DOB have a stratagem to autopass morale checks with a roll of a 1. This synergizes extremely well with Horrors, or any unit that can take a Banner to return models on a morale roll of a 1. This strat has become referred to amongst my friends as the “spicy autopass” (well… no one else says that yet, but I’m trying hard to make it a thing). The catch is that you have to be within 6″ of a CSM unit to use it. A great setup to take advantage of this is a unit of Havocs made un-targetable behind a blob of Horrors, with the Horrors screening the Havocs and the Havocs triggering the strat for the Horrors. Note that the CSM unit can be a Character, so something like a Master of Executions hanging around to counter-charge could serve in that role well.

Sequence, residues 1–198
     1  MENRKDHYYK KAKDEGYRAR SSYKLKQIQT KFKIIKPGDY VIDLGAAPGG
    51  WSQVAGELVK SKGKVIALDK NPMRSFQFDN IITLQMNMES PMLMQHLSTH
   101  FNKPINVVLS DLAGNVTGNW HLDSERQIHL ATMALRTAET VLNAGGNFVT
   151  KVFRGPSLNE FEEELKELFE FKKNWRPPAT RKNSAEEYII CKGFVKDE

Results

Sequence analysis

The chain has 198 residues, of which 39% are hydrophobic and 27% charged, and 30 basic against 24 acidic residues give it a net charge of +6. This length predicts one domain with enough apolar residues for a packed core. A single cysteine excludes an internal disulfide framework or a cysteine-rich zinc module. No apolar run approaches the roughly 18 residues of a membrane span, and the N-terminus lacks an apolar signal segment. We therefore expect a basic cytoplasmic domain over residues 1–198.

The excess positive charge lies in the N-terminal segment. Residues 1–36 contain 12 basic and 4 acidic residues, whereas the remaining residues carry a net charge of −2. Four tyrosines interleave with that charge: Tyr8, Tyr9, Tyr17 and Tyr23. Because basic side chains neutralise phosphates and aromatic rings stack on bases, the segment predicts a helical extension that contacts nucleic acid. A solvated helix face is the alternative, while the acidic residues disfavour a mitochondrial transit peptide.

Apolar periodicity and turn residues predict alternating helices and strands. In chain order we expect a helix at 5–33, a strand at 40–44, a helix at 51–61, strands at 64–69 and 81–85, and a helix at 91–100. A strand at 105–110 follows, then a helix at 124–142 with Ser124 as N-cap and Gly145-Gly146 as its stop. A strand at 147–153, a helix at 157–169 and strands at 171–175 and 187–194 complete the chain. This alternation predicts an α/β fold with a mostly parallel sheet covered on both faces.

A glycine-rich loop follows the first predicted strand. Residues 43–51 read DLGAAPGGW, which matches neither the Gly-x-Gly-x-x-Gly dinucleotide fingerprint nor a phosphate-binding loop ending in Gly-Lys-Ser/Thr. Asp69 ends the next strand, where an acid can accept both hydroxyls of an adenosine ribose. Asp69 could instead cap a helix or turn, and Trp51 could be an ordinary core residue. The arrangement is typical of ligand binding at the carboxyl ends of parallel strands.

Daemons continue to be inexplicably weak casters. Unless you’re running the Contorted Epitome, you’re going to have no bonuses to cast. Relying on casting WC6 and WC7 powers is not a good place to be. Start every list you write with a Changecaster so you have access to the stratagem to auto-cast a psychic power on a roll of a 9. Do note that the Disciples of Belakor explicitly exclude psykers from knowing powers from the Noctic Discipline and any other disciplines, so you can’t use the Endless Grimoire to have a Changecaster know some Noctic powers and also something like Gaze of Fate. Honestly, doubling down on Changecasters wouldn’t be a bad play. Belakor with Shrouded Step and Pall of Shadows, a Changecaster with Shrouded Step and Wreathed in Shades, and a Changecaster with Gaze of Fate and Infernal Gateway seems like a very strong selection of psychic powers with a lot of flexible options. Remember that each Changecaster knows two powers even though they can only cast one, and you have access to a 1CP stratagem for a Changecaster to cast again at the end of the psychic phase. Having Infernal Gateway in your list is great because the mere threat of a mortal wound explosion forces your opponent to move differently to avoid it. Most turns, that second Changecaster will be farming Gaze of Fate instead of spending the stratagem to cast again.